To answer your questions: "Have You Ever Met Someone Wise? Moreover, if you were to meet someone for the first time, do you think you could judge whether or not that person possessed wisdom? Would you require a lengthy relationship in order to make this judgement? What qualities would tell you that someone was wise? How would you distinguish wisdom from eloquence, or sophistication, or compassion?"
No, I'm afraid I have never met someone wise, not even a know-it-all but I may have read about one of them. Maybe someone else would have thought those people I did meet would be wise or a know-it-all. It's all a matter of perspective, isn't it? I don't think I could identify someone wise when meeting for the first time. It doesn't show. As you say, I would need to know quite a lot about a person before I could make such a judgement. As for me, being wise is not like being educated, nor eloquent, sophisticated or compassionate. I would even exclude the latter from the qualities a wise person necessarily has. Yet humility seems to be such a necessary quality. So what is a wise person for me?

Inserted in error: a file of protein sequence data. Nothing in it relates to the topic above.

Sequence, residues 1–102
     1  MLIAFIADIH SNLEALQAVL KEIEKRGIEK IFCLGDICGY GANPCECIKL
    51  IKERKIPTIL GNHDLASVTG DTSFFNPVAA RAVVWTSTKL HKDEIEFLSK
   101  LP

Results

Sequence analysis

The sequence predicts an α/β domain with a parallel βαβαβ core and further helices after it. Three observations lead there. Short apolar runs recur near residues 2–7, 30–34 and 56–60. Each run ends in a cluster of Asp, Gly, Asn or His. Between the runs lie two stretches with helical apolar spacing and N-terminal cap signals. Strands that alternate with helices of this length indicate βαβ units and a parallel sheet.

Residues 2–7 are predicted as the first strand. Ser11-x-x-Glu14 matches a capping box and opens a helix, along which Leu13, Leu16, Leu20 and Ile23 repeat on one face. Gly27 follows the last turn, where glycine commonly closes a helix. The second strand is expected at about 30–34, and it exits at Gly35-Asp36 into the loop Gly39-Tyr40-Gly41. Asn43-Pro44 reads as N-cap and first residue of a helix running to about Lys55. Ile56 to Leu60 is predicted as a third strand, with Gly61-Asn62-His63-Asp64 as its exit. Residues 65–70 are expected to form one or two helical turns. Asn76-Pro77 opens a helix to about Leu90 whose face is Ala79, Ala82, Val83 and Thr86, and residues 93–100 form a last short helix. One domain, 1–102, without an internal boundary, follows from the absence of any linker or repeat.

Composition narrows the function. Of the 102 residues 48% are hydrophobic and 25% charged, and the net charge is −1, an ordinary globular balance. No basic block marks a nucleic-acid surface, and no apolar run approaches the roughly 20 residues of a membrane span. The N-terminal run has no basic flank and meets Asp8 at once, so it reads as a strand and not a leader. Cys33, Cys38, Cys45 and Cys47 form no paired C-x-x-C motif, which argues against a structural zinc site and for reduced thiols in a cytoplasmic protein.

As you said, being wise does not only include knowledge, experience, a proper sense of judgement, which, to my mind, includes an awareness of one's own limits, i.e. admitting "I don't know", but it also has to do with acting, with taking the right decisions at the right time. To exemplify this, I have certainly met who I would consider to be highly educated people, yet it would never have occurred to me that they were wise. Sometimes it turned out to be the contrary because their decisions ran counter to their knowledge and expertise. A wise person would be flexible, would not necessarily act on principles. I'd like to introduce emotional intelligence here. Maybe you meant that when referring to that dinner guest. You called it poor judgement. Perhaps we mean the same thing.